Conclusions

This study is the first one to correlate MoCA score and 5-m gait speed test in frail diabetic and hypertensive older adults. Further analyses with larger cohorts and a follow-up evaluation are warranted to corroborate our results.

Availability of data and materials

Data and study materials are available from the First Author upon reasonable request.

Abbreviations

5mGS:

5-meter gait speed

BMI:

Body mass index

CKD:

Chronic kidney disease

COPD:

Chronic obstructive pulmonary disease

Diabetes:

Type 2 diabetes mellitus

DBP:

Diastolic blood pressure

Hb1Ac:

Glycated hemoglobin

HF:

Heart failure

HR:

Heart rate

MoCA:

Montreal Cognitive Assessment

SBP:

Systolic blood pressure

References

  1. Draznin B, Aroda VR, Bakris G, Benson G, Brown FM, Freeman R, et al. Diabetes care in the hospital: standards of medical care in diabetes-2022. Diabetes Care. 2022;45(Suppl 1):S244–253.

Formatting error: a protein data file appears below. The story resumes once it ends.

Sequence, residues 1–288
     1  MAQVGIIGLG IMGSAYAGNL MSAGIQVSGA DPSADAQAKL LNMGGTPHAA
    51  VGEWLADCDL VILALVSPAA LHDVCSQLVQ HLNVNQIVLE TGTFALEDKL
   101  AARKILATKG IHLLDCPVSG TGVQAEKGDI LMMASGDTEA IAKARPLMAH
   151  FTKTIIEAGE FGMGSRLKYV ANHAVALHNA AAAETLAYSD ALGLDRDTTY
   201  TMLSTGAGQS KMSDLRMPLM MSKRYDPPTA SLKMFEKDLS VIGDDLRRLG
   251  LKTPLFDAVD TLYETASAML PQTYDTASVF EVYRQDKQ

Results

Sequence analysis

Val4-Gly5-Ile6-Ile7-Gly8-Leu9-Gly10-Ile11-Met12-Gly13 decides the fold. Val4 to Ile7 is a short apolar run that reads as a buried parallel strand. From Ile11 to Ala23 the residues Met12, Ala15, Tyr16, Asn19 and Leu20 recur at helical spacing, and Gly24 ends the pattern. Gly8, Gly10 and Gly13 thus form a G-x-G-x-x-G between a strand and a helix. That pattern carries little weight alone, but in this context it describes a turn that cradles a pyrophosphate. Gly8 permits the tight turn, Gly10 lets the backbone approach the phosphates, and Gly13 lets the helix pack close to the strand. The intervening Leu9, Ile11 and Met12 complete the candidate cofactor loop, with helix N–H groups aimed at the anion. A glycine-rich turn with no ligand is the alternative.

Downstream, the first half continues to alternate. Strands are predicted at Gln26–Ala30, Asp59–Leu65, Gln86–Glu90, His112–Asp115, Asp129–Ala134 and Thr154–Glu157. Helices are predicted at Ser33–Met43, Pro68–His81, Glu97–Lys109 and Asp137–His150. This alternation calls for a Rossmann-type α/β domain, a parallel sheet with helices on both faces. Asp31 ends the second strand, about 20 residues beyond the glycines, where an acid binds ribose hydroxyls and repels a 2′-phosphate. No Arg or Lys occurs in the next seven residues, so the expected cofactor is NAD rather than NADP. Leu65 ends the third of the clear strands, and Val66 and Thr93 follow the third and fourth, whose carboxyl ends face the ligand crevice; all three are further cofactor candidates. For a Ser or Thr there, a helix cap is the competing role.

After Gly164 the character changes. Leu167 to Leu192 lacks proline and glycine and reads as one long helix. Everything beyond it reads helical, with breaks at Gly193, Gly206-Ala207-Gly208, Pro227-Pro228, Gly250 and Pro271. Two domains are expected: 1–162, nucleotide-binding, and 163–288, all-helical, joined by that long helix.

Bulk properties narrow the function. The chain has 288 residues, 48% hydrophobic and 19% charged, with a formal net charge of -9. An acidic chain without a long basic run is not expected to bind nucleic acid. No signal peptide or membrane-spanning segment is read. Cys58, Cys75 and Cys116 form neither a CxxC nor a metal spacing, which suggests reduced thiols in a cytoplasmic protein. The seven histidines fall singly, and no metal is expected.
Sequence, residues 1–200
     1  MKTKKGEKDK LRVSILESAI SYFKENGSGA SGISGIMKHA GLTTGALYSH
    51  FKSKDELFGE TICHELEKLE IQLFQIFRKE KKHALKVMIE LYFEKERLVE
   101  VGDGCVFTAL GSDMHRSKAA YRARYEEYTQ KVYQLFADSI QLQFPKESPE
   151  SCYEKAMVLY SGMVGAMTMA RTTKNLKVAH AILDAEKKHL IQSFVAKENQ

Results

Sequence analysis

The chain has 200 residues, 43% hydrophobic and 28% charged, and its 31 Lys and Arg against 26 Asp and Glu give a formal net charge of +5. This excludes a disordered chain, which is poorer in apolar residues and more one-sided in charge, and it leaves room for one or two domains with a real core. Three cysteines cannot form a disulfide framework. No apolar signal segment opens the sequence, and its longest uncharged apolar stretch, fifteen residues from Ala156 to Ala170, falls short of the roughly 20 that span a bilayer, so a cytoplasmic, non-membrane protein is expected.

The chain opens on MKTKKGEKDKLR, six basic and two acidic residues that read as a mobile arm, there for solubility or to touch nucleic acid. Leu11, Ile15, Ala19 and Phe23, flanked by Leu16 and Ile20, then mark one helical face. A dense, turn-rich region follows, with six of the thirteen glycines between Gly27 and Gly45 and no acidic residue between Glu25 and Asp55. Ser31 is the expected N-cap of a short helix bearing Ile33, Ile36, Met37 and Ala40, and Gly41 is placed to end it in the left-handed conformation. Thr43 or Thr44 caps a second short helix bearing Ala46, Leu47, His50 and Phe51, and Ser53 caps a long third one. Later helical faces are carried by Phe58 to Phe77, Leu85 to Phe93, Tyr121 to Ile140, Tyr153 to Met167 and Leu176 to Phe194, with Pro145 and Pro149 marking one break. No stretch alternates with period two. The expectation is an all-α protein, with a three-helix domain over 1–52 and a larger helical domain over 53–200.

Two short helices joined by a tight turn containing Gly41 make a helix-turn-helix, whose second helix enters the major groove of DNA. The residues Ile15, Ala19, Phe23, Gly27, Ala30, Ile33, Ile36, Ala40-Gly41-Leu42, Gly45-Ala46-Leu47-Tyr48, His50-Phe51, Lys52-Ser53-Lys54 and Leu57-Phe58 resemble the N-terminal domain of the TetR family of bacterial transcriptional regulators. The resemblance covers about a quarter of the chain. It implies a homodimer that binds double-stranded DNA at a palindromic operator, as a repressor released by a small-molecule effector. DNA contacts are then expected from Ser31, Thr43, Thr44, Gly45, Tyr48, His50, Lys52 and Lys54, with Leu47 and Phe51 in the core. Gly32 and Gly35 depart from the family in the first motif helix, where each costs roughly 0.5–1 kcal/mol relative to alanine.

PubMed  Google Scholar 

  2. Benetos A, Petrovic M, Strandberg T. Hypertension management in older and frail older patients. Circ Res. 2019;124(7):1045–60.

    CAS  PubMed  Google Scholar 

  3. Yang Y, Hu X, Zhang Q, Zou R. Diabetes mellitus and risk of falls in older adults: a systematic review and meta-analysis. Age Ageing. 2016;45(6):761–7.

    PubMed  Google Scholar 

  4. LeRoith D, Biessels GJ, Braithwaite SS, Casanueva FF, Draznin B, Halter JB, et al. Treatment of diabetes in older adults: an Endocrine Society* clinical practice guideline. J Clin Endocrinol Metab. 2019;104(5):1520–74.

    PubMed  PubMed Central  Google Scholar 

  5. Conroy SP, Westendorp RGJ, Witham MD. Hypertension treatment for older people-navigating between Scylla and Charybdis. Age Ageing. 2018;47(4):505–8.

    PubMed  Google Scholar 

  6. Uchmanowicz B, Chudiak A, Uchmanowicz I, Rosinczuk J, Froelicher ES. Factors influencing adherence to treatment in older adults with hypertension. Clin Interv Aging. 2018;13:2425–41.

    PubMed  PubMed Central  Google Scholar 

  7. Williamson JD, Supiano MA, Applegate WB, Berlowitz DR, Campbell RC, Chertow GM, et al. Intensive vs standard blood pressure control and cardiovascular disease outcomes in adults aged >/=75 years: a randomized clinical trial. JAMA. 2016;315(24):2673–82.

    CAS  PubMed  PubMed Central  Google Scholar